Everything for Electronics

From the Q&A

With TJ Byers

Panel Meter Pepper-Upper


I have a large collection of good panel meters, but find that many of them are not sensitive enough. Could you print a simple, one-transistor circuit to “pep” them up using a 2N2222 or similar transistor?

Fran Hillibush
via Internet


Would you go for an op-amp? The circuit below is what is sometimes called a current-to-voltage converter. We recognize it as an inverting op-amp.

Actually, they are one and the same. In this configuration, the output of the op-amp is forced to feed back a current equal to the input current through Rf. This way, the op-amp is in “balance.” If the Rf is greater than zero, then the output voltage must increase to compensate for the Rf current loss.

For example, if the input current is 100 µA and Rf is 10K, the output voltage must be 1 volt to force enough current through Rf to equal the input current. If the input current is 10 µA, then Rf becomes 100K with a 1 volt output. The formula is -V(out) = I(in) x Rf.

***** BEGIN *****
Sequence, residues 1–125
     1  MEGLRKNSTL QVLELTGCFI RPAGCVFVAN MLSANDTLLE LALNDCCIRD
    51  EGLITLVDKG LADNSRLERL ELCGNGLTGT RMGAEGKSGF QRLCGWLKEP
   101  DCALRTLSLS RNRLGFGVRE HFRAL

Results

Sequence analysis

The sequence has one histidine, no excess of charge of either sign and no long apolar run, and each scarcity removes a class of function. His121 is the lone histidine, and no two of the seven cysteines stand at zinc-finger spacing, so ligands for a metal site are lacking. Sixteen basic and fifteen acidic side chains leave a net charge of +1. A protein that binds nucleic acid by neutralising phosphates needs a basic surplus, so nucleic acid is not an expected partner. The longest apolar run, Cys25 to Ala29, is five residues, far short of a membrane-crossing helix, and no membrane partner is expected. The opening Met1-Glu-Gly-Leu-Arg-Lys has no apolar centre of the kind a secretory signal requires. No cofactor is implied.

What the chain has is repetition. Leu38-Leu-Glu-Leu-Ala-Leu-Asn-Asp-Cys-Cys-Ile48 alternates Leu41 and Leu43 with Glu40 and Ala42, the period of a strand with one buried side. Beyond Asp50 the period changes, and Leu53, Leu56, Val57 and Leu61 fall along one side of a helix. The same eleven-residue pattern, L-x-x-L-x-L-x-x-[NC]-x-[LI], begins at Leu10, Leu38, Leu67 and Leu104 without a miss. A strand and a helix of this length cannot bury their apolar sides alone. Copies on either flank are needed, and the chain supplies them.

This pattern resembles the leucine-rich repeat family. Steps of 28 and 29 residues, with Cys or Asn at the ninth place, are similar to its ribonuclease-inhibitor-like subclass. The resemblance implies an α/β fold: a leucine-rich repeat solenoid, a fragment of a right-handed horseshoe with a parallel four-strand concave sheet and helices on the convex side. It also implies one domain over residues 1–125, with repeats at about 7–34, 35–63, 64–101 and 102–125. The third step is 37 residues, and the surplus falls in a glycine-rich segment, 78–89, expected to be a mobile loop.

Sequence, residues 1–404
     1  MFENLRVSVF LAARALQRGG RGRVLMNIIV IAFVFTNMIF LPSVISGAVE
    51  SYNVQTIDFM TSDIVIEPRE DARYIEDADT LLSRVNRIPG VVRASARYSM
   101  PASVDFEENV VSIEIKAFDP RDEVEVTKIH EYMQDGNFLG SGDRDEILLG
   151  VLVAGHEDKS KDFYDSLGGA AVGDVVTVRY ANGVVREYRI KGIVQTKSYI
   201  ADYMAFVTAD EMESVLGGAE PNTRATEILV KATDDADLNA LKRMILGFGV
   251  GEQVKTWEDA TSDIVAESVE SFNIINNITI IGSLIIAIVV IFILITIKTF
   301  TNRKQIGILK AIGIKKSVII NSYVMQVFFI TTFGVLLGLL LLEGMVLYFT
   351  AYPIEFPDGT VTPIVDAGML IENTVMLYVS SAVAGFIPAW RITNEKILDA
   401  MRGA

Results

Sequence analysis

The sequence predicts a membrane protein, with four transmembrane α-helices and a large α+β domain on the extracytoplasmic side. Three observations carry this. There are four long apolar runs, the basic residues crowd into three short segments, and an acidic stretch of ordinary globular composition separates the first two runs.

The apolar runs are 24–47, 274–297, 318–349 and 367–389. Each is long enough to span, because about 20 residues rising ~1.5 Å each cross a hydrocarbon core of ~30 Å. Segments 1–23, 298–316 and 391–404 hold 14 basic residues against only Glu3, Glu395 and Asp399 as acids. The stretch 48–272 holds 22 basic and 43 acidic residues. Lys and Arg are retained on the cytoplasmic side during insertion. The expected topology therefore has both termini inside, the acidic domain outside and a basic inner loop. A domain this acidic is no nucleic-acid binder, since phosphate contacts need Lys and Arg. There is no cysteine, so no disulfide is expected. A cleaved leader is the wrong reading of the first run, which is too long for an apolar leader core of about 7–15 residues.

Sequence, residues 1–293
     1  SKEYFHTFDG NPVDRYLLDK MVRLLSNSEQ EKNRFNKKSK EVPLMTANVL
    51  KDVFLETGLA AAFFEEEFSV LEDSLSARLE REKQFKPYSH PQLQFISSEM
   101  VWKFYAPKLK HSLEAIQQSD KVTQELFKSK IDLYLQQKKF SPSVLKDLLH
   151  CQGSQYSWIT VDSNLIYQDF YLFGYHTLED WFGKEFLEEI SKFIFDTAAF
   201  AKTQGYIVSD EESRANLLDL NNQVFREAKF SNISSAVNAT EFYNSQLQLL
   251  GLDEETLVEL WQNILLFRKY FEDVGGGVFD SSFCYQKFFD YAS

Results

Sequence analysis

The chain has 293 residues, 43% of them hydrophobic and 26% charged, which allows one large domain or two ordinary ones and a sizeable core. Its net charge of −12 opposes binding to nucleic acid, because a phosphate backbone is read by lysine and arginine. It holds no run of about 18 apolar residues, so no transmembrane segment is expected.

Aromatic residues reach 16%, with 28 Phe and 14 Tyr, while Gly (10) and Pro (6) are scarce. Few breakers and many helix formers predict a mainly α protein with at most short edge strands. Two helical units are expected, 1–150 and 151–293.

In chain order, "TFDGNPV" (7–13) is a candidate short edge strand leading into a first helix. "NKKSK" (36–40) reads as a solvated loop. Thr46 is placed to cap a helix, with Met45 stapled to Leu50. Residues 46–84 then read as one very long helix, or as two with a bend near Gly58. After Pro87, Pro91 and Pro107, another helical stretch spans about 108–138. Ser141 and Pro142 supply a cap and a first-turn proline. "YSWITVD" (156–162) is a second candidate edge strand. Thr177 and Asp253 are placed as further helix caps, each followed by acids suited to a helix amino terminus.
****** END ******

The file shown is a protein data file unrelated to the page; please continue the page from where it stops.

Now, let’s go to the other end of the equation, where the output voltage translates into a current to drive your panel meter.

For this example, I’ve selected a 0-1 µA panel meter — a very common analog meter you can find at RadioShack under the guise of a 15 volt panel meter (22-410). With the values shown, a 100 µA input will generate a 1 volt output. Using Ohm’s Law (R1 = E/I = 1/.001 = 1K, where .001 is the full-scale of the meter), we need a 1K resistor. If you’re using a 10 mA meter, R1 becomes 100Ω. By changing the value of R1, you can make any meter into a 100 µA meter — up to a point. The current output limit of the LM8261 is about 50 mA; that is, it won’t drive a 100 mA meter.

I chose this op-amp because it’s small, has rail-to-rail output, and can work on two 1.5 alkaline batteries, but feel free to replace it with just about any general-purpose op-amp, as long as you meet its minimum operating voltage requirements (e.g., ±5 volts for the LF353).